* Winter storm warning for entire area through 3 a.m. Thursday*

Useful links: Storm news, transportation impacts, and more: Live Blog | Compilation of Snowquester photos and Tweets: The Grid | Snow total reports from National Weather Service | How Snowquester got its name | Storm talking points | Thundersnow? | The structure of a snowflake | The past as a predictor | March snowstorm history

Overview: Snow and mixed precipitation, in the city and points east, are falling throughout the region. Substantial snow accumulations, thus far, have mainly occurred west and southwest of the Beltway, and it’s those areas likely to reach forecast snow totals of 7-14 inches.

In the city and east of town, due to the rain mix, snow amounts will likely fall short of forecasts for 5-10 inches. However, bands of heavy snow may still cycle through these underperforming areas, reducing visibility and laying down some lighter amounts of a few inches or so.

12:03 p.m. update: National Weather Service says it will be decreasing forecast totals in metro area and points east.

12:00 p.m. update: Here are some of the latest snow total reports from readers (on Twitter/Facebook): In Maryland: Kensington 1”, Glenmont 1.75”, Rockville 2”, New Market 4”; In Virginia: Falls Church 2”, Sterling 2”, Burke 3”, Chantilly 3.5”, Herndon 3.5”, Oakton 4.5”, Ashburn 5”, Brambleton 5”, Woodbridge 5”, North Stafford 5.5”, Aldie 6”, Manassas 6”, Haymarket 6.5”, Warrenton 7-10”, Winchester 11”

11:50 a.m. update: This is definitely a western Virginia snowstorm. A Twitter follower reports 23 inches at Massanutten mountain near Harrisonburg. Ski weekend ahead?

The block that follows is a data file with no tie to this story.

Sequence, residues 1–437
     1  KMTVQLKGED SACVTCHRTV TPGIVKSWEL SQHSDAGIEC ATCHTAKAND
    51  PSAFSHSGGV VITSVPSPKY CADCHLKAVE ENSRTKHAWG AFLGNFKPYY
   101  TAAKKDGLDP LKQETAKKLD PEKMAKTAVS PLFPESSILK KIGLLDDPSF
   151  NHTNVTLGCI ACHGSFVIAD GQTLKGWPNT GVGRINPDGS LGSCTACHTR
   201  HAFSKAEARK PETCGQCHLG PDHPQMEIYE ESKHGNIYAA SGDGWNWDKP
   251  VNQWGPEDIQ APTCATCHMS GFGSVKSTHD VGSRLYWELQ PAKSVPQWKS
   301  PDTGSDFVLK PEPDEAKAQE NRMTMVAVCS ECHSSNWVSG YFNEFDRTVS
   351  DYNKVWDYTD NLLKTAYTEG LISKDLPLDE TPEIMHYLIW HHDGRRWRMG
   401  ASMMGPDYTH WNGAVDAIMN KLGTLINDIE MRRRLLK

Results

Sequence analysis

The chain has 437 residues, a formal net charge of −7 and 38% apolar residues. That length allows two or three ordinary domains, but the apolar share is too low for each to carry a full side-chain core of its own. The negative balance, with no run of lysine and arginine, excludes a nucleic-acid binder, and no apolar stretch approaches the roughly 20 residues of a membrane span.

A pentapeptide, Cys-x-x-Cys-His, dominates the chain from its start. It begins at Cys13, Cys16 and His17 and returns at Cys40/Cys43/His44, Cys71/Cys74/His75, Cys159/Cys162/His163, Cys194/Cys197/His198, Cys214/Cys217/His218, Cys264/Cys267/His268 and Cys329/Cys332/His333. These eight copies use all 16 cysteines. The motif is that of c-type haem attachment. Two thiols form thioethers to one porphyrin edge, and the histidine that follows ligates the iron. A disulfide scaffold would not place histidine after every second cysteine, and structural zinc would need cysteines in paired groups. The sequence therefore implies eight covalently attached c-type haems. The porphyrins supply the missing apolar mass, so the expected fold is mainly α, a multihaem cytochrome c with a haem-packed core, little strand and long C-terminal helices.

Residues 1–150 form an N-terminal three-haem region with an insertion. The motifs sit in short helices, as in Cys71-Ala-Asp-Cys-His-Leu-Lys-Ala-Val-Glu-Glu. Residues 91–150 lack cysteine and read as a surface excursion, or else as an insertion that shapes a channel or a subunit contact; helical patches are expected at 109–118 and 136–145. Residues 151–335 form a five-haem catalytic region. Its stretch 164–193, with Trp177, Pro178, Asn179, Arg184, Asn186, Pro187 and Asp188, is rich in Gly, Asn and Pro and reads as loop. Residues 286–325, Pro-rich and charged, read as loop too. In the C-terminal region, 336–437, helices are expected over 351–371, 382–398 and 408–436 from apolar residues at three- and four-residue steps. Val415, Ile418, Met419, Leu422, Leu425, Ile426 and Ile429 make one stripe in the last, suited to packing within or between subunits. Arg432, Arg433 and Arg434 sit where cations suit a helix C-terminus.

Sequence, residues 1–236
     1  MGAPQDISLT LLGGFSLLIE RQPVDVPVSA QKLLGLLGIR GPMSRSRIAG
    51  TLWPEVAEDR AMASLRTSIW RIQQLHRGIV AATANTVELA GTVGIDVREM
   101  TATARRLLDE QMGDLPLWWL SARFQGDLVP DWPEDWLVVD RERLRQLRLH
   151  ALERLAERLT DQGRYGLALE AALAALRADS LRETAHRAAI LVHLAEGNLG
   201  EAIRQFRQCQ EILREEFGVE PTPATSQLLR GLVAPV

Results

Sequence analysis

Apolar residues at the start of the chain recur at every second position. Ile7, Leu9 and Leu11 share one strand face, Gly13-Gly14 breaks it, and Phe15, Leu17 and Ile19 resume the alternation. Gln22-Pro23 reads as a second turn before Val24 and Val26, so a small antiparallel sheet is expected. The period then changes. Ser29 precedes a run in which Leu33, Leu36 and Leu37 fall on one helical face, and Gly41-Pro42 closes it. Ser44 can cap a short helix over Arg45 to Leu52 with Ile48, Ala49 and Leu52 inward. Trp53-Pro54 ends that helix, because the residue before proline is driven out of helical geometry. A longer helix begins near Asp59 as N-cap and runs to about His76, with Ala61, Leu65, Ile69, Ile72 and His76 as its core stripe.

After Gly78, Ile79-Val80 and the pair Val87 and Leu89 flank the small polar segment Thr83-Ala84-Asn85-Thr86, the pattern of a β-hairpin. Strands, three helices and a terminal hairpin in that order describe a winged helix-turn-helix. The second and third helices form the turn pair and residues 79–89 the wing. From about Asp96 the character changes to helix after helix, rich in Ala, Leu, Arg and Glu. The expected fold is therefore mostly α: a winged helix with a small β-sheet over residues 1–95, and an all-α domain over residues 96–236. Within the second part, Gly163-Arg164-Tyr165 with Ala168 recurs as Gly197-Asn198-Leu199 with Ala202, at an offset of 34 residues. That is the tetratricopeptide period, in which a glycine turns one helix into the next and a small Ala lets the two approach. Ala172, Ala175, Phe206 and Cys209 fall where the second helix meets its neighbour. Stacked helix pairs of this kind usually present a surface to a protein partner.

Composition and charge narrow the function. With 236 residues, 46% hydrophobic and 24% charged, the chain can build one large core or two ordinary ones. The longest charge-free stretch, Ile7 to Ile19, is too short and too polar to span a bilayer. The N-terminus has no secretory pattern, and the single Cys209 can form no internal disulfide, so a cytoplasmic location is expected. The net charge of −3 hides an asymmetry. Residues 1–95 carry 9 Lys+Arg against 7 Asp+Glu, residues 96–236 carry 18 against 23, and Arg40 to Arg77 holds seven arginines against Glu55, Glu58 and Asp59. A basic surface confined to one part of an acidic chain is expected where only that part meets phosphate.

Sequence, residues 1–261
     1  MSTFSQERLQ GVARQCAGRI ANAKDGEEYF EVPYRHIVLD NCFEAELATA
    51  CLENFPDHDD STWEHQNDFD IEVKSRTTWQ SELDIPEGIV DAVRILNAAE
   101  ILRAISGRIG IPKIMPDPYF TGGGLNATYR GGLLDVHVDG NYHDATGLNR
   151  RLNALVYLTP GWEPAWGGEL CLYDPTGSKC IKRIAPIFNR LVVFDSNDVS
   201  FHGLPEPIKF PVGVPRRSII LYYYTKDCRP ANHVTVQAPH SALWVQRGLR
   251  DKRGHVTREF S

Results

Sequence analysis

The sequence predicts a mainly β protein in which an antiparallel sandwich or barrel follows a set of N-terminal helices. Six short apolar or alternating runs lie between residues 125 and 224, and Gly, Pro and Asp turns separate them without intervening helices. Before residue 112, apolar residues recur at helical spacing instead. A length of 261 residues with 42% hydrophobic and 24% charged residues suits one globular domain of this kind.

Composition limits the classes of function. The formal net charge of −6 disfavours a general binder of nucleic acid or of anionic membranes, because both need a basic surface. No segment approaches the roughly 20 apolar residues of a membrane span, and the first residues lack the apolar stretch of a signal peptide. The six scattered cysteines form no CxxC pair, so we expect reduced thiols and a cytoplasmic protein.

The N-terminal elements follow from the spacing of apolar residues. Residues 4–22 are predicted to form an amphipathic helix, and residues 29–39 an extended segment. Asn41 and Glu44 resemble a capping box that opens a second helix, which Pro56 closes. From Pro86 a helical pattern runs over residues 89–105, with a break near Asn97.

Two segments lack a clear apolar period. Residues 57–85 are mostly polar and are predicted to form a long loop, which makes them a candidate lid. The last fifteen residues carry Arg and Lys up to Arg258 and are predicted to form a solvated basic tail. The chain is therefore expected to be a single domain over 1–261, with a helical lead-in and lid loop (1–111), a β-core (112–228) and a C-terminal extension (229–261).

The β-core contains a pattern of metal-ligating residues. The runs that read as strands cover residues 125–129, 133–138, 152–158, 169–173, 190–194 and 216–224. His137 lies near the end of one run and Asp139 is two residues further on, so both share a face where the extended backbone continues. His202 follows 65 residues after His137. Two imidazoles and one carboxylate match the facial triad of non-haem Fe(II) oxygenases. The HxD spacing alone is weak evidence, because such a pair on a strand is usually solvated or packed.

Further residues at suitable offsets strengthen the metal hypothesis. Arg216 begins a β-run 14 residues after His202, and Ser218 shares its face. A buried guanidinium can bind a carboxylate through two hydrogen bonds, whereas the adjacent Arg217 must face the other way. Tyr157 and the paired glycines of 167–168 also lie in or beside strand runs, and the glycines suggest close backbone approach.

11:45 a.m. update: While underwhelming in the city, the satellite image of Snowquester from space is impressive. The storm is rapidly intensifying offshore and has produced wind gusts to around 50 mph at the Maryland, Virginia and Delaware beaches according to the Weather Bug network.

11:20 a.m. update: Inside the Beltway snow hopefuls may want to look to the south, where more than 4 inches of snow has occurred around Richmond as heavier bands moved in. There’s still a chance - although confidence is not particularly high - that heavier snow and colder air will wrap into the region as the storm exits and produce some accumulating snow around town.

11:00 a.m. update: Here’s the National Weather Service response to my question below (see 10:55 a.m. update): “There are definitely more bands to come, and we've just gotten the winds to turn out of the north. We are continually updating things at this point - we do have reports surrounding the District of ~2 inches on almost all sides so far. We are always re-assessing (and we have cut back the totals DC east the last two updates)...and they are working on another adjustment right now.”

10:55 a.m. update: For its part, the National Weather Service is still forecasting 6-8 inches for the District and nearby locations. I (Jason) just posted this question to our local NWS office (through a chat program): “We have rain and no accumulation in downtown D.C.: any indication you're going to downgrade [totals] in the urban core, and adjacent areas....? Or, do you still think heavy bands could materialize and dramatically reverse the current situation? My skepticism is growing.” I’ll keep you posted on any response.